Academic predicts Biden would continue to support S. Arabia militarily
An Assistant Professor from Coastal Carolina University (CCU) rules out any major change in U.S. military support for Saudi Arabia under Joe Biden's presidency as the kingdom has been a close U.S. ally for several decades.
“Saudi Arabia has been a close ally for several decades, so I would not expect any major changes in the U.S. position,” Christopher J. Ferrero tells the Tehran Times.
The United States is the biggest arms supplier to Saudi Arabia.
Though the academic says he does not know “anything about the specifics of future arms deals with the Saudis” but “military support will continue in one form or another.”
He adds Saudi Arabia and Israel are Washington’s “longstanding allies regardless of who occupies the White House.”
However, he predicts, Biden “will be more likely than Trump to pressure allies like Israel and Saudi Arabia on issues such as human rights.”
The Saudi-led war on Yemen has caused a great tragedy. The UN has called it “humanity’s greatest preventable disaster”.
On December 1, the United Nations Office for the Coordination of Humanitarian Affairs (OCHA) said the conflict in Yemen has so far claimed the lives of 233,000 people, adding that “this large number is unfortunate and unacceptable.”
Also, the Israeli crimes in the occupied territories are notoriously famous. Its crimes are separate from its constant theft of the Palestinian lands.
The professor also says Biden, despite opposition by Republicans, is eager to revitalize the dying nuclear deal – JCPOA – and argues it is in Iran’s interests not to reject engagement.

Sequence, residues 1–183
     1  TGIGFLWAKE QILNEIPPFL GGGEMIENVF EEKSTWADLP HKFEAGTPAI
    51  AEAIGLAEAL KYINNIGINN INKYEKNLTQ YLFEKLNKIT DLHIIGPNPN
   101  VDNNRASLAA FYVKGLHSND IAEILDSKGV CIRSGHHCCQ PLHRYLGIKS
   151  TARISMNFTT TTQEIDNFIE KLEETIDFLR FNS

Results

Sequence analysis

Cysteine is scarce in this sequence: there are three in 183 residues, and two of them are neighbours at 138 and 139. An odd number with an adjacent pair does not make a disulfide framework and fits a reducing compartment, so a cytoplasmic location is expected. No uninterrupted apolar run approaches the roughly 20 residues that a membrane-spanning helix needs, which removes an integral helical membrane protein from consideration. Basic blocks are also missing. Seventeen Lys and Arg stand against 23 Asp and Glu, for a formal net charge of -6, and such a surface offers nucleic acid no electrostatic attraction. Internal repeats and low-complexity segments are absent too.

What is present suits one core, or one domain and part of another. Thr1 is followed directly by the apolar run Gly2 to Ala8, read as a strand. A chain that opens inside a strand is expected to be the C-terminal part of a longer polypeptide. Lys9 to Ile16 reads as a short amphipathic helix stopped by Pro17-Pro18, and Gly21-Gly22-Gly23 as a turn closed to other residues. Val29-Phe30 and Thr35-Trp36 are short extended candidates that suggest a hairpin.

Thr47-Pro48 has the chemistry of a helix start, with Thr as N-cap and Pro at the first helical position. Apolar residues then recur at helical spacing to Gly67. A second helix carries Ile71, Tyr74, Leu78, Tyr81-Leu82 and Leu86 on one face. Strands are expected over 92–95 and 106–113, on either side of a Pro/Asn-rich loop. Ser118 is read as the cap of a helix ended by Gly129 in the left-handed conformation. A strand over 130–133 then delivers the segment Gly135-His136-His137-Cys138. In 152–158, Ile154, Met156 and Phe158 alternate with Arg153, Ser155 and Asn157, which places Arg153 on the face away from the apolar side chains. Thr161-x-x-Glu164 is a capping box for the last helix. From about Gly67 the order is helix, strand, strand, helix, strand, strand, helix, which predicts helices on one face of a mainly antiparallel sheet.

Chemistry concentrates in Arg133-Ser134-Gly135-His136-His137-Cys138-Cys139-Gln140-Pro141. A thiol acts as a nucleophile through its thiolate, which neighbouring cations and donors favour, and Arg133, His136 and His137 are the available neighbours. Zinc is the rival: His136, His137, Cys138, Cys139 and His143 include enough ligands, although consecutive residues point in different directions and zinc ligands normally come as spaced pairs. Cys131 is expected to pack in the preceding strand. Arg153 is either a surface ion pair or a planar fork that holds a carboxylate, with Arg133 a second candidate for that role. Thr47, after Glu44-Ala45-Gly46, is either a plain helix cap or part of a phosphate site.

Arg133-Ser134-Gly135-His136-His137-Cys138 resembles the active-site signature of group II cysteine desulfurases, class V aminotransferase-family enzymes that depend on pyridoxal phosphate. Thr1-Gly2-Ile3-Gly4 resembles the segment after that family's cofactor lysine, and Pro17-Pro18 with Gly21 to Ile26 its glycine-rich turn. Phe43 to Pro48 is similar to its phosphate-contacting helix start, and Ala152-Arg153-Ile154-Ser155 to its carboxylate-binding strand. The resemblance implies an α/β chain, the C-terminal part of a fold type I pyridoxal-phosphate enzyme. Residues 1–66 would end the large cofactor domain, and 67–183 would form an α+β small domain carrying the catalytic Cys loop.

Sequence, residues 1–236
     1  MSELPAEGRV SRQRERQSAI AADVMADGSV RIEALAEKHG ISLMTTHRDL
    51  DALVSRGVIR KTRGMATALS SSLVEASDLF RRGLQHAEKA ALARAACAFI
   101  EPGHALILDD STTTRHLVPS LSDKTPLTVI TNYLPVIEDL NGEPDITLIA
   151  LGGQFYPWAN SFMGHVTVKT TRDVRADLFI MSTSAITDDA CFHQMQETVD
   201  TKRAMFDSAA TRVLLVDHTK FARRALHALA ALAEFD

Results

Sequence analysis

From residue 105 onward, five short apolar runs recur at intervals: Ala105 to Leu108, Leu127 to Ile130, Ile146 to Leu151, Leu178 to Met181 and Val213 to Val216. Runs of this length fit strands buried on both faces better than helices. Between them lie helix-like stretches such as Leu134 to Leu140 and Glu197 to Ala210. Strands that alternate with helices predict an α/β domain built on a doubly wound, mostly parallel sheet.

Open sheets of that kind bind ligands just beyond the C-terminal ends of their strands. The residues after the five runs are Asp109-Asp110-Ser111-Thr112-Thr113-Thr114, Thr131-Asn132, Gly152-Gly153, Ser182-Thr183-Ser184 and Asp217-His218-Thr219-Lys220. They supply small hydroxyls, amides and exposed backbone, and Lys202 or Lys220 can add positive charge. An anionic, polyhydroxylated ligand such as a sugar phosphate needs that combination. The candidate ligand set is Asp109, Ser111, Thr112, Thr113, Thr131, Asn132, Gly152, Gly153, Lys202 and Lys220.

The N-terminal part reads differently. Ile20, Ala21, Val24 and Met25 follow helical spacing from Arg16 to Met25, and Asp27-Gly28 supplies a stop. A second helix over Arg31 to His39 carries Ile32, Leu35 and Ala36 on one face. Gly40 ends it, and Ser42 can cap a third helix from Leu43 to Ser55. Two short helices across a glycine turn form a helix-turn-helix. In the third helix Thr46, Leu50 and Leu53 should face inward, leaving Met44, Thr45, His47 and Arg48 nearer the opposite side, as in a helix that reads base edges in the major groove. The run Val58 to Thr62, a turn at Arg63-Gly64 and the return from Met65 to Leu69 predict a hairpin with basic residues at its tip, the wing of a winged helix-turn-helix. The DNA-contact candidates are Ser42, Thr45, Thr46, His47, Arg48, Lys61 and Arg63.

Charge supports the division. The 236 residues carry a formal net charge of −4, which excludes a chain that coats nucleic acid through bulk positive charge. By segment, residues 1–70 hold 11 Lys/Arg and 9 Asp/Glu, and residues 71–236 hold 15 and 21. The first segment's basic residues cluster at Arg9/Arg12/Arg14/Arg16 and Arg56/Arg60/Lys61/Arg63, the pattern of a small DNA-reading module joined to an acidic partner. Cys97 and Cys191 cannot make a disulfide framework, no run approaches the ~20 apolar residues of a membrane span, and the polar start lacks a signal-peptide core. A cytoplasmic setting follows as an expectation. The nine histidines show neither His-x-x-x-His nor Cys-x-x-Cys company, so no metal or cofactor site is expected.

“Biden has said that he would like to revive the JCPOA. There will certainly be opposition to that among Republicans, who still have significant power in Congress and in public discourse, but it would be unfortunate if Iran refused to engage Biden at a high level,” Ferrero suggests.
On how can Iran trust the U.S again while Trump unilaterally withdrew from the nuclear deal and imposed sweeping sanctions on Iran and Europeans stood idly by, he says, “I can understand Iranian frustration about the different attitudes between Democrats and Republicans.”
Ferrero argues Americans also have such a mentality toward Iranians.
“This is the same dynamic Americans see when they look at Iran. They see “moderates” and “hardliners” and tend to doubt that Iran’s moderates can really achieve any meaningful change. They fear that the hardliners will just reverse any short-term reforms that the moderates implement.”
There is deficit trust between Tehran and Washington and this view is shared by the professor from Coastal Carolina University.
“Trust is severely lacking in this relationship; this was true even before Trump. It is certainly worse now. But there is no way to improve the situation without taking more calculated risks in the name of diplomacy,” Ferrero opines.
The 2015 nuclear deal was endorsed by the UN Security Council Resolution 2231 and its violation by the Trump administration was a violation of international law.